A handsome heritage strain brook trout from Horn Lake is readied for release back to the water, in order to fight another day. Note the usual white outline on all of the fins, including the dorsal.
This coming weekend, I’ll be heading back down to Newcomb to attend the final offering in the “Got Game” lecture series.
If the snow holds up, I may attempt to squeeze in one last ski trip of the season. However, if the weather turns warmer, I may just trade in my ski poles, and grab a fishing pole.
There is still over a foot of ice on the ponds, and a dense snowpack in the hills, but it will all melt off quickly with a few sunny days, some heavy rains and a stiff wind.
For those that must fish, many local lakes and pond are already showing plenty of open water around the inlets and outlets.
April’s Full Moon, which is scheduled to arrive on the 25th, will prompt the annual smelt run. Even if the ice remains in command of the lakes and ponds, anglers will find opportunities around inlets and feeder streams as smelt and later suckers return to spawn in the streams.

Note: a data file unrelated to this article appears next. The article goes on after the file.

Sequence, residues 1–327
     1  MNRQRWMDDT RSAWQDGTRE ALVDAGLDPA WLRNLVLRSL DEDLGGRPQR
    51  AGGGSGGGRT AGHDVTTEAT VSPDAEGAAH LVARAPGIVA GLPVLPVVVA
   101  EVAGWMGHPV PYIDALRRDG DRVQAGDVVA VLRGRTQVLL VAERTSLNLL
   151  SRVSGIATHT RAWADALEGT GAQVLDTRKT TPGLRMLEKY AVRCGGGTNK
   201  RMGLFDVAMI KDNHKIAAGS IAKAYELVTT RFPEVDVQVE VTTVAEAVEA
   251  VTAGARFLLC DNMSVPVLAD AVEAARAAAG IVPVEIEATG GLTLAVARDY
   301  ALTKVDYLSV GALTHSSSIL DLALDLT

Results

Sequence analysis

Currently Newcombites, Minervaphiles and Long Lakers are all celebrating the success of the locally produced video production that recently went viral, and well beyond the town limits.
Eventually the video, which featured a serious spoof of the dilapidated condition of the local highway infrastructure, made it all the way down the line to the not-so-hallowed halls of the government chambers in Albany.
Although nearly 69,000 acres of local state land may soon be opening to the public, it appeared to many that State Route 28N was going to retain the title as: “The wildest ride in town.” But then came the video.
Upon its arrival, politicians of all sorts took notice, and soon there were promises of an extensive and expensive project to complete a major refurbishment of Route 28N from Minerva to Long Lake.
Joe Hackett is a guide and sportsman residing in Ray Brook. Contact him at firstname.lastname@example.org.